I am writing this entry in the hotel just after the iBelieveNY event that was held in downtown Manhattan this week. We have received extremely positive (and constructive) feedback about the event and we are very happy to hear that so many people found it useful and informative. The things that stood out to me about the day were the energy of the audience and the insights of the speakers (present company excluded ;-).
Dr. Frank Soltis gave a compelling view of the history that has led to the IBM i as we currently know it and the incredible foresight that produced an architecture that others are still trying to emulate. It was also great to know that IBM had quantified what we already suspected - 95% of customers who leave the IBM i leave IBM completely. This is clearly strong motivation for IBM to keep IBM i as a vibrant and compelling platform and helps to explain why IBM have been happily reporting increases in both number of servers and total revenue for IBM i.
Pete Massiello provided a broad range of options for ways that IBM i programmers can advance their own skills and, in the process, leverage more of the latest capabilities of the platform. There was a veritable smorgasbord of options guaranteed to provide many opportunities no matter what your current skills or interest.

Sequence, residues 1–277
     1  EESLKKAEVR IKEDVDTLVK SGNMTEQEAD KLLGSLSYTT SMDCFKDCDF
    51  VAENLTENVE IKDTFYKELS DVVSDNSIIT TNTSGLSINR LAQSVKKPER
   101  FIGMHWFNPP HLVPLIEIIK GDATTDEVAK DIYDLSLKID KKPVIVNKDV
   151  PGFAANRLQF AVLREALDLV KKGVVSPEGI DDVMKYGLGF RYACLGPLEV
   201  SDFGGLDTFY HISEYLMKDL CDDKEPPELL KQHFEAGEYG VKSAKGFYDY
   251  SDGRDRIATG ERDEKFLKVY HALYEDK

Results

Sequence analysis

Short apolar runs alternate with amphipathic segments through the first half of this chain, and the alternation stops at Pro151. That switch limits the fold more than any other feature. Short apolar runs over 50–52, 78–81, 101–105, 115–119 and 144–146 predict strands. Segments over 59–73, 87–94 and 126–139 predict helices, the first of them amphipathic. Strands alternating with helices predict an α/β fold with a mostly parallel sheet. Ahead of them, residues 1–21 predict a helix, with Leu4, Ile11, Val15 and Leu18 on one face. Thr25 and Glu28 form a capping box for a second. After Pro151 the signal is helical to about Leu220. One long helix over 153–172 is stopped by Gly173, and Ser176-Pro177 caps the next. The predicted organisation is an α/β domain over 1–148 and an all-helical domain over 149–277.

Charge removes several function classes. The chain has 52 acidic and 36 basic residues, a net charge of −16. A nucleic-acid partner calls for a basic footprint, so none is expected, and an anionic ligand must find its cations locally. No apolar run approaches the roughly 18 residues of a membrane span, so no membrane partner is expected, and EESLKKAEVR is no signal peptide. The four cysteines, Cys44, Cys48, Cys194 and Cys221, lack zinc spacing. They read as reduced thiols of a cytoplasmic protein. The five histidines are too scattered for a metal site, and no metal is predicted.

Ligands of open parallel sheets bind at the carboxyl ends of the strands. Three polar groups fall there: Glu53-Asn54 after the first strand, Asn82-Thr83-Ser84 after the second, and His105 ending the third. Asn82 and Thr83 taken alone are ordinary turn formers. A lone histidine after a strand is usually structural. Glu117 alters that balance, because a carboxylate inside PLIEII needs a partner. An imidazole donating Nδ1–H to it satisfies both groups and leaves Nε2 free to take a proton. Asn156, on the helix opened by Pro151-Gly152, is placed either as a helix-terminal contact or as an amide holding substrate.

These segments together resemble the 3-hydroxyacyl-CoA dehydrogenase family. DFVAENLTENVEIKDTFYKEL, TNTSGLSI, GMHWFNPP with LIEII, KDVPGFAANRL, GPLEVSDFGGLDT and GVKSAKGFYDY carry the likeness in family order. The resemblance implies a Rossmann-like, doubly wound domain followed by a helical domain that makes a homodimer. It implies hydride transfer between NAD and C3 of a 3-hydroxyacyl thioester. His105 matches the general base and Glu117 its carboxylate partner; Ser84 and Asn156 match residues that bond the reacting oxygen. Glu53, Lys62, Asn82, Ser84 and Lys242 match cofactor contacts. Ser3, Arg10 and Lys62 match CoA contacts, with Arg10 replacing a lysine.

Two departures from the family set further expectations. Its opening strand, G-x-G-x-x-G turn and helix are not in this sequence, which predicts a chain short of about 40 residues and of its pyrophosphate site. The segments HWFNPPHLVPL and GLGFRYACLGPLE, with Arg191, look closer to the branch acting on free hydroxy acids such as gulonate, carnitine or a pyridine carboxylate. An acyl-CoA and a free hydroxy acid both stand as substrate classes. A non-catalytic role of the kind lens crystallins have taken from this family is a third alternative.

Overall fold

Alison Butterill demonstrated many different ways in which the IBM i platform is providing innovative solutions in diverse industries. The marketing being promoted by IBM themselves was also outlined to show the place it plays in a cohesive and coordinated campaign.
I tried to demonstrate that developers on the IBM i platform have many tools and approaches at their disposal to create amazing applications. Developers should be aiming for modern, connected and open applications that exceed user expectations. I also pointed out that we can each do our part to promote the IBM i platform and that if we do then the combined efforts will produce results beyond our expectations.
Trevor Perry then highlighted that even though we can be proud of the history of our platform, we must not get stuck in the past. The platform is advancing rapidly and we need to recognize that progress. Getting hung up on the platform name that we may have been used to does not help us to promote the value of the latest IBM i server operating system.
All in all, I felt that the sessions focused upon the many practical benefits of IBM i and the steps that we can take to leverage it's power, integration, reliability and scalability.